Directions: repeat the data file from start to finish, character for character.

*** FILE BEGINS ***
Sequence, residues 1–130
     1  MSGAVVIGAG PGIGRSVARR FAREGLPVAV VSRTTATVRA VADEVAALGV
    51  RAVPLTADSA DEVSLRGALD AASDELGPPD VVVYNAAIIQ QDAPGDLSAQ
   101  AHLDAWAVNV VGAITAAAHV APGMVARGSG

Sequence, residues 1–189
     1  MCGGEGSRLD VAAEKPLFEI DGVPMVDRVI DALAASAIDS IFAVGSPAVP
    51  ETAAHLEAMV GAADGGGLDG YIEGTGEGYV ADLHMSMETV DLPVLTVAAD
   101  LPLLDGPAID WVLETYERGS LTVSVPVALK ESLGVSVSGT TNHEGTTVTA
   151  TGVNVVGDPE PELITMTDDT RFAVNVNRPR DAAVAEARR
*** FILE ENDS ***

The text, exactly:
Sequence, residues 1–130
     1  MSGAVVIGAG PGIGRSVARR FAREGLPVAV VSRTTATVRA VADEVAALGV
    51  RAVPLTADSA DEVSLRGALD AASDELGPPD VVVYNAAIIQ QDAPGDLSAQ
   101  AHLDAWAVNV VGAITAAAHV APGMVARGSG

Sequence, residues 1–189
     1  MCGGEGSRLD VAAEKPLFEI DGVPMVDRVI DALAASAIDS IFAVGSPAVP
    51  ETAAHLEAMV GAADGGGLDG YIEGTGEGYV ADLHMSMETV DLPVLTVAAD
   101  LPLLDGPAID WVLETYERGS LTVSVPVALK ESLGVSVSGT TNHEGTTVTA
   151  TGVNVVGDPE PELITMTDDT RFAVNVNRPR DAAVAEARR